130 Health insurance coverage may be available to handicapped persons who are employed through group coverage at the workplace. However, the job mobility of persons with chronic conditions (particularly those whose chronic condition developed while they were employed) may be severely constrained by questions about whether they (or their chronic condition) would be covered by insurance in a new place of work. This problem may also apply to employees who have handicapped dependents. An additional problem with handicapped dependents is that parents' insurance coverage for a handicapped child may expire when the child reaches 18 or 21. The problem of inadequate or unavailable insurance coverage also may lead a handicapped person not to seek employment at all, because of the possibility that their earnings will make them ineligible for public assistance programs, but be inadequate to cover their medical expenses. The cost of care for cystic fibrosis, as just one example, often exceeds $10,000 per person per year and may even exceed $100,000.76 Although estimates exist of the number of persons in the United States with or without some form of private health insurance coverage, no current estimates are available to determine how many handicapped persons are in each of these groups. Furthermore, the committee could locate no information regarding such matters as how many handicapped persons are covered for most or all medical costs associated with the handicapping condition, how many are paying extra premiums to cover handicap-related care, or how many have coverage that excludes such care. The major studies of how people finance their medical expenses, including the recent National Health Expenditure Survey conducted by the National Center for Health Services Research, have not collected data that would allow separate analysis of the experiences and practices of handicapped and disabled persons. Although some difficult sampling problems would have to be overcome for a national survey of this population, questions about the health status of the handicapped population, whether and where they obtain care, and how they pay for it seem too important to be ignored in the future. Medical screens Handicapped persons who may be unable to acquire private health insurance because of pre-existing conditions may face similar medical screens in certain government-assisted programs, namely, prepaid community health centers and federally qualified health maintenance organizations (HMOs). Prospective individual members may be reviewed with regard to their probable future need for continued, long-term treatment of an illness or conditionâa distinct probability for many handicapped personsâand if their potential need and use of services are high, they may be excluded from participation in these programs. Medical screens resulting in handicapped persons being denied membership specifically because of their handicapping condition, however, would appear to be inconsistent with Section 504. The rationale for medical screens is one of economics. Such practices limit the organization's financial risk (potential health service costs) by using actuarial predictions of costs and establishing of capitation rates sufficient to meet those costs, enabling the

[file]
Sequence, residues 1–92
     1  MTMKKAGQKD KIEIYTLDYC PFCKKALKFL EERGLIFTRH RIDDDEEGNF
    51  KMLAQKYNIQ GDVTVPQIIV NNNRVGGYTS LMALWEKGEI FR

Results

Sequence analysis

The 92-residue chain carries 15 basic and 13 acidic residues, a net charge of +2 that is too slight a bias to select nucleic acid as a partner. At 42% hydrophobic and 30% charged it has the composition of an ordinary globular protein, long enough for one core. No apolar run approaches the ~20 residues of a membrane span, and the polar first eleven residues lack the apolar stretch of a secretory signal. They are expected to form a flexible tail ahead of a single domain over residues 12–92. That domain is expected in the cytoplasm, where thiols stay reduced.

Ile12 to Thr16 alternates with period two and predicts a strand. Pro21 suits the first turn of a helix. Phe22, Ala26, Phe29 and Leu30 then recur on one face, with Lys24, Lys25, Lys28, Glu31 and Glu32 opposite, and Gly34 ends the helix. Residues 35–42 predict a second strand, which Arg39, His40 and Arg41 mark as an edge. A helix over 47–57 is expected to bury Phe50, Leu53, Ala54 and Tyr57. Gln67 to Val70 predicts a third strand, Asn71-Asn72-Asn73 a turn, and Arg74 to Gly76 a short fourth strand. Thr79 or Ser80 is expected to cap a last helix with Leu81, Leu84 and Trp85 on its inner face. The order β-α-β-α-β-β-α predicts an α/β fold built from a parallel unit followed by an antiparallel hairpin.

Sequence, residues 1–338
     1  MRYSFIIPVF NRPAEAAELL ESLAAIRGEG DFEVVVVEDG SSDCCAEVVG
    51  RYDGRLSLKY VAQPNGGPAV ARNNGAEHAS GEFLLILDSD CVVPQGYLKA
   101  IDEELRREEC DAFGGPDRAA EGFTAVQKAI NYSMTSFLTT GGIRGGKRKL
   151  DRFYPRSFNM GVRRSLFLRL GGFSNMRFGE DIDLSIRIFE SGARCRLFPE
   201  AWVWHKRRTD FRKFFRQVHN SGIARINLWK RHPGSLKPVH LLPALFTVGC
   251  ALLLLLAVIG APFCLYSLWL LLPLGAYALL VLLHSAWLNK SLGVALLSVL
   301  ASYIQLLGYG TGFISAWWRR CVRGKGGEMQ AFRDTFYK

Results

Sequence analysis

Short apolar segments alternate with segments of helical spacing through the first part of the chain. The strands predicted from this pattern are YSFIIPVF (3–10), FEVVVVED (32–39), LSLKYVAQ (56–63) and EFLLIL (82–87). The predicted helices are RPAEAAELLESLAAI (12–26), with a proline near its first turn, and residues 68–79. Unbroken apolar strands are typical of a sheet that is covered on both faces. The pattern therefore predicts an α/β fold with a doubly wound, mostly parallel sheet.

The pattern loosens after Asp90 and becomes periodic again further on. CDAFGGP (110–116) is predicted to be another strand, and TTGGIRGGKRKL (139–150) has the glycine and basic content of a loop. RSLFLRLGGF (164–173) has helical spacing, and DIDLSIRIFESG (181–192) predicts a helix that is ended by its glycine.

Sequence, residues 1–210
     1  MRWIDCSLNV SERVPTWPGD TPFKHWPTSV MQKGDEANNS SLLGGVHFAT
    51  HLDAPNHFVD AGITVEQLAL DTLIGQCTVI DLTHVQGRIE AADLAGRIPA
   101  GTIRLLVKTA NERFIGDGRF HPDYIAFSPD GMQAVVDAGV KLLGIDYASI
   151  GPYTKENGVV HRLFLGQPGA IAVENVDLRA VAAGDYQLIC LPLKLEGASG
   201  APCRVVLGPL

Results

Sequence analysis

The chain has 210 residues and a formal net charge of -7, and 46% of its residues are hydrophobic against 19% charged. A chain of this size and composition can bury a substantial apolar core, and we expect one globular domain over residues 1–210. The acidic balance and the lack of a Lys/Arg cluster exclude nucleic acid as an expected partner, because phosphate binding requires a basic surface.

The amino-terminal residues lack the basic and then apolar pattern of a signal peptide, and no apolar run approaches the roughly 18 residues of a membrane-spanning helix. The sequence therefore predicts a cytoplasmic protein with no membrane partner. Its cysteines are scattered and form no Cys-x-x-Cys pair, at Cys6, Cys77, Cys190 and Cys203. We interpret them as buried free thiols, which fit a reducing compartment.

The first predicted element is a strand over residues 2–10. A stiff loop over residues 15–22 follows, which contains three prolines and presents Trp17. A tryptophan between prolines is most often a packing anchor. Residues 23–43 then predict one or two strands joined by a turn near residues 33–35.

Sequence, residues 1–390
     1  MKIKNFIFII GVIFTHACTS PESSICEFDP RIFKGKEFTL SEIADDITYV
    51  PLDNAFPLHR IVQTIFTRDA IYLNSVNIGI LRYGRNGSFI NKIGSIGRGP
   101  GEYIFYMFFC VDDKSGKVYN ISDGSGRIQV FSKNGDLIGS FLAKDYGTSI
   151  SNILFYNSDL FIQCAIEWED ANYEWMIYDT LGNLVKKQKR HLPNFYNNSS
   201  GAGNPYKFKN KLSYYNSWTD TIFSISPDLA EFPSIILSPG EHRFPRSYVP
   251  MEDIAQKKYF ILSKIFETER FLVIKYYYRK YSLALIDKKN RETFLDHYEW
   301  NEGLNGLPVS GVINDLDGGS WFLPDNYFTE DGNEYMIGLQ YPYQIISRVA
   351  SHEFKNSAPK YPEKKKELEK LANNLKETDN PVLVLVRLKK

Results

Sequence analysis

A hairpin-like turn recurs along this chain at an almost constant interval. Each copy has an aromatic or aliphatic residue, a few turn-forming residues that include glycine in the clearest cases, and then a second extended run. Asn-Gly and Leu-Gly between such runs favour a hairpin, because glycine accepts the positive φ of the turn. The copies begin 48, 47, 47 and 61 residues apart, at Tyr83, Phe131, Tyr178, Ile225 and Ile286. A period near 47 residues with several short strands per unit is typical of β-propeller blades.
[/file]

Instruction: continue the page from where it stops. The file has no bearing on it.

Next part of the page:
131 organization to compete effectively in the health care market. Some health centers have contended that medical screens are necessary for their economic survival. The OCR has argued that a center's use of a medical screen is discriminatory under both Section 504 and Section 330(a) of Title III of the Public Health Service Act, which requires centers to serve all persons in their catchment areas, regardless of medical condition,77 but the issue is still unresolved. In contrast, HMOs, which are subject to Title XIII of the Public Health Service Act, are not required to serve all persons in their catchment areas, although they must serve all group members, regardless of health status. HMOs, however, medically screen individuals on grounds of protecting their financial viability. Only during an open enrollment period must an HMO accept all individuals who apply (with the exception of those confined to an institution) without regard to health status.* The OCR is investigating whether medical screens are essential to the economic survival of HMOs and, if so, what the limitations should be on these screens to ensure that such organizations do not discriminate against those who are handicapped. The question remains open on how to reconcile the requirements of Section 504 with the shaky financial status and competitive position of many HMOs, if, in pursuing its goal of encouraging and supporting the development of HMOs, the government exempts HMO medical screens from Section 504, this would raise questions about the government's responsibility for the social goal of non-discrimination and would preempt a more deliberative attempt to reconcile certain economic realities of government programs with the mandate of civil rights. Long-term care Nursing homes are one of several types of facilities available to meet the long-term care needs of physically and mentally handicapped individuals, particularly the disabled elderly. Questions can be raised, however, about a number of apparently discriminatory practices and policies at both the nursing home and governmental levels. Witnesses appearing at meetings of the committee reported that handicapped individuals in nursing homes often receive fewer services and lower quality of care than other residents and in some instances are even denied basic services. One report stated that 70 percent of *However, not all HMOs are required to have open enrollment periods. Only those organizations that either have provided comprehensive health services on a prepaid basis for at least five years or have an enrollment of at least 50,000 members, and which did not have a financial deficit in the preceding fiscal year, are required to have an open enrollment period. Furthermore, there are limitations on the duration of the open enrollment period, and the open enrollment requirements may be waived if an HMO demonstrates that compliance would jeopardize its existence.78